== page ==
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Int. J. Environ. Res. Public Health 2019, 16(2), 222; https://doi.org/10.3390/ijerph16020222

Roles of Different Transport Modes in the Spatial Spread of the 2009 Influenza A(H1N1) Pandemic in Mainland China

1
Ministry of Education Key Laboratory for Earth System Modeling, Department of Earth System Science, Tsinghua University, Beijing 100084, China
2
Joint Center for Global Change Studies, Beijing 100875, China
3
Department of Environmental Medicine and Public Health, Icahn School of Medicine at Mount Sinai, New York, NY 10029, USA
4
School of Public Health (Shenzhen), Sun Yat-sen University, Shenzhen 518107, China
5
State Key Laboratory of Remote Sensing Science, College of Global Change and Earth System Science, Beijing Normal University, Beijing 100875, China
*
Author to whom correspondence should be addressed.
Received: 29 November 2018 / Revised: 4 January 2019 / Accepted: 9 January 2019 / Published: 14 January 2019
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Abstract

There is increasing concern about another influenza pandemic in China. However, the understanding of the roles of transport modes in the 2009 influenza A(H1N1) pandemic spread across mainland China is limited. Herein, we collected 127,797 laboratory-confirmed cases of influenza A(H1N1)pdm09 in mainland China from May 2009 to April 2010. Arrival days and peak days were calculated for all 340 prefectures to characterize the dissemination patterns of the pandemic. We first evaluated the effects of airports and railway stations on arrival days and peak days, and then we applied quantile regressions to quantify the relationships between arrival days and air, rail, and road travel. Our results showed that early arrival of the virus was not associated with an early incidence peak. Airports and railway stations in prefectures significantly advanced arrival days but had no significant impact on peak days. The pandemic spread across mainland China from the southeast to the northwest in two phases that were split at approximately 1 August 2009. Both air and road travel played a significant role in accelerating the spread during phases I and II, but rail travel was only significant during phase II. In conclusion, in addition to air and road travel, rail travel also played a significant role in accelerating influenza A(H1N1)pdm09 spread between prefectures. Establishing a multiscale mobility network that considers the competitive advantage of rail travel for mid to long distances is essential for understanding the influenza pandemic transmission in China. View Full-Text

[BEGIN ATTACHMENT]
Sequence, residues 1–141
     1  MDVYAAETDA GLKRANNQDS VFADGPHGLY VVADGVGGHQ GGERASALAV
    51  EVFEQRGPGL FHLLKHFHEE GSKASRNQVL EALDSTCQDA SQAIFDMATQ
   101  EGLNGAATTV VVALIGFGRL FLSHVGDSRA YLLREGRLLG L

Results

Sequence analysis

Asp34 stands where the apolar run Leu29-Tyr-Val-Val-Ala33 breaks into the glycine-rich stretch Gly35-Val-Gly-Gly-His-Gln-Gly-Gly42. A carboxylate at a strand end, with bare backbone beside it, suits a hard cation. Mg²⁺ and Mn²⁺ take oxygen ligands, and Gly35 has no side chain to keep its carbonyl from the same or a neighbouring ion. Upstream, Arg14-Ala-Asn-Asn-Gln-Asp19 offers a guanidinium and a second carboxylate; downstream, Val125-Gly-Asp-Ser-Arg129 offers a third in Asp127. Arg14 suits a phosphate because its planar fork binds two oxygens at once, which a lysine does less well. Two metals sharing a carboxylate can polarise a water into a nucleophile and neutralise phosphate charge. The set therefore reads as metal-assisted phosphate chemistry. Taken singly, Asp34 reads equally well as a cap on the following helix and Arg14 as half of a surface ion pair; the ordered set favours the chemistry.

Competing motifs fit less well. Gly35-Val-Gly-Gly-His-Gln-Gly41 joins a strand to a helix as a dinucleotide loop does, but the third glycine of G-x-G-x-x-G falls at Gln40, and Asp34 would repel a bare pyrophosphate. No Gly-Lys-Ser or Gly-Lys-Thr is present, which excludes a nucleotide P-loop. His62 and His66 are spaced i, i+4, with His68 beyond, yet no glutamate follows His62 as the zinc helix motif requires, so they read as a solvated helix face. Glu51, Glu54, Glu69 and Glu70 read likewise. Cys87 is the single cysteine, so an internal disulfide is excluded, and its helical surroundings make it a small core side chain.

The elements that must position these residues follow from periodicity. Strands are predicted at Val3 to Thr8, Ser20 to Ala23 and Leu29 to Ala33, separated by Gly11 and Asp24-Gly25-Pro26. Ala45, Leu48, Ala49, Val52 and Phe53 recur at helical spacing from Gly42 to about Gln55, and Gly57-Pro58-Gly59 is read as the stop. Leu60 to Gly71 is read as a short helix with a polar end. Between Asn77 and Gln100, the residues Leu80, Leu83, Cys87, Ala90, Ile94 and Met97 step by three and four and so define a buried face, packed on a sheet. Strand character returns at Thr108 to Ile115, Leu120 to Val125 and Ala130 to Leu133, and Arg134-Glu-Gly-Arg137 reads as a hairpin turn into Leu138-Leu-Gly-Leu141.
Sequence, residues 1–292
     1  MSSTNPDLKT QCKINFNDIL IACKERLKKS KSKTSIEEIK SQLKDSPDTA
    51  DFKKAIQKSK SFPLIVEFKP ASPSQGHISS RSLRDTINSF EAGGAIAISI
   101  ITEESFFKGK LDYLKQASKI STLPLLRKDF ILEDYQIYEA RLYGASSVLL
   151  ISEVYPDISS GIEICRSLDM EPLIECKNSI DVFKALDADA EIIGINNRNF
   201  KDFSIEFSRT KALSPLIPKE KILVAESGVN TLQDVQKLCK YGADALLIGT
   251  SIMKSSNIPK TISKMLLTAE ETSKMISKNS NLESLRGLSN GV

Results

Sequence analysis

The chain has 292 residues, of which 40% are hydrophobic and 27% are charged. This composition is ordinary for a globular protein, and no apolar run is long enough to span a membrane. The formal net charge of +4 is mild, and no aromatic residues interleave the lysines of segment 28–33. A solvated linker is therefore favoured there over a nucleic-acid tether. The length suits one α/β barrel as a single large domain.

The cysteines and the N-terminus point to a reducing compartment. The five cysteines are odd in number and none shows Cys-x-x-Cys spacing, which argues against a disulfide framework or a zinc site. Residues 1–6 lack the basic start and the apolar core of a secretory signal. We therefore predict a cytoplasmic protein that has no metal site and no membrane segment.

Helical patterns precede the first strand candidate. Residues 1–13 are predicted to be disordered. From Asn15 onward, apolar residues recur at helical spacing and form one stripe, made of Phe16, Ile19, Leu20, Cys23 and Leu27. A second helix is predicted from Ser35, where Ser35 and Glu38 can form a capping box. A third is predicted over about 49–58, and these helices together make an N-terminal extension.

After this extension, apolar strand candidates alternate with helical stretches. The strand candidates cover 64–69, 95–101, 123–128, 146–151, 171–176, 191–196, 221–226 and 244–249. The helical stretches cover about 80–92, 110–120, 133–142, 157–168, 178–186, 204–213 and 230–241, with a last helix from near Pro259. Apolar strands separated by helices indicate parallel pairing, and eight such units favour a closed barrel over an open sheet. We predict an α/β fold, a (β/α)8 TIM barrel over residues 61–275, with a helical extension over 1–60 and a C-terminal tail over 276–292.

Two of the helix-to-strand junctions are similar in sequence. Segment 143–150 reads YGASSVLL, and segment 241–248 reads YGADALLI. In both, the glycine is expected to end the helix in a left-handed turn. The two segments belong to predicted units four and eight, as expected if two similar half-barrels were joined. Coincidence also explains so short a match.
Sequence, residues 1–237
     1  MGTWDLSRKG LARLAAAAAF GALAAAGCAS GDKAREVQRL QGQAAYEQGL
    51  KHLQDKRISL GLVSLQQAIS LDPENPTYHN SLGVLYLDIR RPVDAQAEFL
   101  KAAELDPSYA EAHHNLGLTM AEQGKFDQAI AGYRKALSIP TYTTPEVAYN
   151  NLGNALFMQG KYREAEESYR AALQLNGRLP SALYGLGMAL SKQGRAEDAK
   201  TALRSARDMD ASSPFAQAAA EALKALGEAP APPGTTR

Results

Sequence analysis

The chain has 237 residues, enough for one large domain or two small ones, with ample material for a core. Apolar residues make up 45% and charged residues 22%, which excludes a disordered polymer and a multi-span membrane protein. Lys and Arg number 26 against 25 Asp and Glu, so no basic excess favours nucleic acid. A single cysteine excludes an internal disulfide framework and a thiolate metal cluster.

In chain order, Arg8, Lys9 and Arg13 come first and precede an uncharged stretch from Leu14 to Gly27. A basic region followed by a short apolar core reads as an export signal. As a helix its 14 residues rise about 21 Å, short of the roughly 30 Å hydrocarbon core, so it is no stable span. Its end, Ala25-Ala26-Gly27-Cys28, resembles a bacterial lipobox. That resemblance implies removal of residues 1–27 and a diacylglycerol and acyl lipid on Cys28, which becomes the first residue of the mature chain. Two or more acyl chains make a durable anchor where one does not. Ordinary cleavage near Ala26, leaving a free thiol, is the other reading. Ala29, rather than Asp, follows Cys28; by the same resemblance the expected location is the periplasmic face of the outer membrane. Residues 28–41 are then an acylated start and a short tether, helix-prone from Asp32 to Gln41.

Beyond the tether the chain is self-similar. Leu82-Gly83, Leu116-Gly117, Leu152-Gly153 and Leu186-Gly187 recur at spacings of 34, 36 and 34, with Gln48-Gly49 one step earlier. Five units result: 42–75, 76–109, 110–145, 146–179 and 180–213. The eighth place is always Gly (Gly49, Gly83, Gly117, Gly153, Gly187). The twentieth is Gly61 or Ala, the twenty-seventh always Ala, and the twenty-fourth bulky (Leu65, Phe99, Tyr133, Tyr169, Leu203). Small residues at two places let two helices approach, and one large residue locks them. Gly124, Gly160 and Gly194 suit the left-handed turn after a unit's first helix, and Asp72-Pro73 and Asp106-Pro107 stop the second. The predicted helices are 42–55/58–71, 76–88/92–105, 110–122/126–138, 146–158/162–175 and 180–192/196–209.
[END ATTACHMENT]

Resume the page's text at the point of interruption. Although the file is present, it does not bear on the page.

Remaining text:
Keywords: China; 2009 influenza A(H1N1) pandemic; transport modes; rail travel; spatial spread; quantile regression China; 2009 influenza A(H1N1) pandemic; transport modes; rail travel; spatial spread; quantile regression
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Cai, J.; Xu, B.; Chan, K.K.Y.; Zhang, X.; Zhang, B.; Chen, Z.; Xu, B. Roles of Different Transport Modes in the Spatial Spread of the 2009 Influenza A(H1N1) Pandemic in Mainland China. Int. J. Environ. Res. Public Health 2019, 16, 222.

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